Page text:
My view: City to discuss reforms on Wednesday

By Jim Harrington
Published September 22nd 2007 in Santa Fe New Mexican
FEATURED QUOTE: "[Instant runoff voting] is the cheapest and most efficient way to ensure that elected officials are supported by a majority of the voters..."

The Santa Fe City Council will have the opportunity at its meeting of Sept. 26, to initiate major improvements in city government and city elections. The Charter Review Commission appointed by the council has proposed several such improvements in the form of amendments to the city charter, and the council will decide at that meeting whether to place the proposed amendments on the March ballot for approval by the voters.

The most important of the Commission’s proposals are:


* public financing of political campaigns;
* facilitation of direct democracy through the popular measures known as initiative, referendum and recall;
* use of ranked-choice voting in city elections, and
* a requirement that the municipal judge be an attorney.

Public campaign financing would reduce or eliminate the influence of private campaign contributions on the decisions of public officials, would relieve them of the necessity to divert their time and energy to fundraising, and would permit the imposition of reasonable limits on campaign expenditures. Acceptance of public financing would be voluntary for the candidates, but experience in the many jurisdictions where it is now offered has shown that, in a properly designed system, all or almost all candidates will eventually participate.

The long-run annualized cost of public financing in Santa Fe has been estimated to be between $100,000 and $200,000 a year, the equivalent of only a $7 to $12 increase in the annual property taxes on a $500,000 home.

Initiatives, referenda and recall of elected officials are permitted under the present law, but the number of signatures needed to place them on the ballot is prohibitively large. The proposed charter amendment would reduce this number to a level that would be attainable but still high enough to prevent abuse.

An initiative or referendum, for example, would need about 3,000 signatures to get on the ballot, compared with the present unrealistic requirement of 9,000 signatures, which is 60 percent of the number of votes normally cast in city elections.

Ranked-choice voting, also called “instant runoff,” allows a voter to rank the candidates for each office in the order of his or her preference. The votes are then counted in a series of rounds in which the candidate receiving the fewest votes is eliminated in each round and the ballots cast for that candidate are then redistributed to the remaining candidates who are ranked next on those ballots, until one candidate finally receives a majority of the votes.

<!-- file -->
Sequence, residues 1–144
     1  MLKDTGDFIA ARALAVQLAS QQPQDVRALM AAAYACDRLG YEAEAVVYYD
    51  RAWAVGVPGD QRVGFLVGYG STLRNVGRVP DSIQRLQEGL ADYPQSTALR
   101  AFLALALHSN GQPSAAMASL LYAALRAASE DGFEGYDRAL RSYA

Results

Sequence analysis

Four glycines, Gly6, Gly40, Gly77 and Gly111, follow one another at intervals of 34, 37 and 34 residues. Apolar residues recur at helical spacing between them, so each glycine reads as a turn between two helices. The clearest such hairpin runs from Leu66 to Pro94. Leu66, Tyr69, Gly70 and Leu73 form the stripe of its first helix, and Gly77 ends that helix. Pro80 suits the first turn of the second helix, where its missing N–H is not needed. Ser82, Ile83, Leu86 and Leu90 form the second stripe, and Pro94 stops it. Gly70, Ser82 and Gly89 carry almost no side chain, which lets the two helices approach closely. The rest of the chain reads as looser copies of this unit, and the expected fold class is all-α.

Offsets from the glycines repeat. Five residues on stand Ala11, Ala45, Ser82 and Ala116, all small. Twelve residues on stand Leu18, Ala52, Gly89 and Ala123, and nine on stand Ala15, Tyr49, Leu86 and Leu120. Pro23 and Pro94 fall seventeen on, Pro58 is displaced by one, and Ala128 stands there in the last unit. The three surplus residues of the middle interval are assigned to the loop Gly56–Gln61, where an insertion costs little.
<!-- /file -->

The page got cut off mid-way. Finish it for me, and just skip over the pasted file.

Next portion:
Ranked-choice voting normally produces the same outcome as a runoff election, but without the expense and delay of a second election. This voting method, which is being used in an increasing number of cities, is the cheapest and most efficient way to ensure that elected officials are supported by a majority of the voters, which does not happen under our current plurality system, where many officials have actually been elected over the opposition of the majority.

Requiring the municipal judge to be a lawyer would ensure a permanent improvement in the quality of justice administered in our municipal court. Although there have been excellent non-lawyer judges, and although judges with law degrees are by no means immune from mistakes, the statistical evidence demonstrates that serious errors and miscarriages of justice, including wrongful incarceration, are far more likely when the judge is not a lawyer.

The city owes its citizens the best chance it can give them of avoiding this kind of injustice.

The City Council must now decide whether to give the voters an opportunity to adopt these important reforms.

You can express your view by calling or e-mailing your councilor.

Jim Harrington is a Santa Fe attorney and is chairman of the eight-member Charter Review Commission appointed by the mayor and City Council in 2005.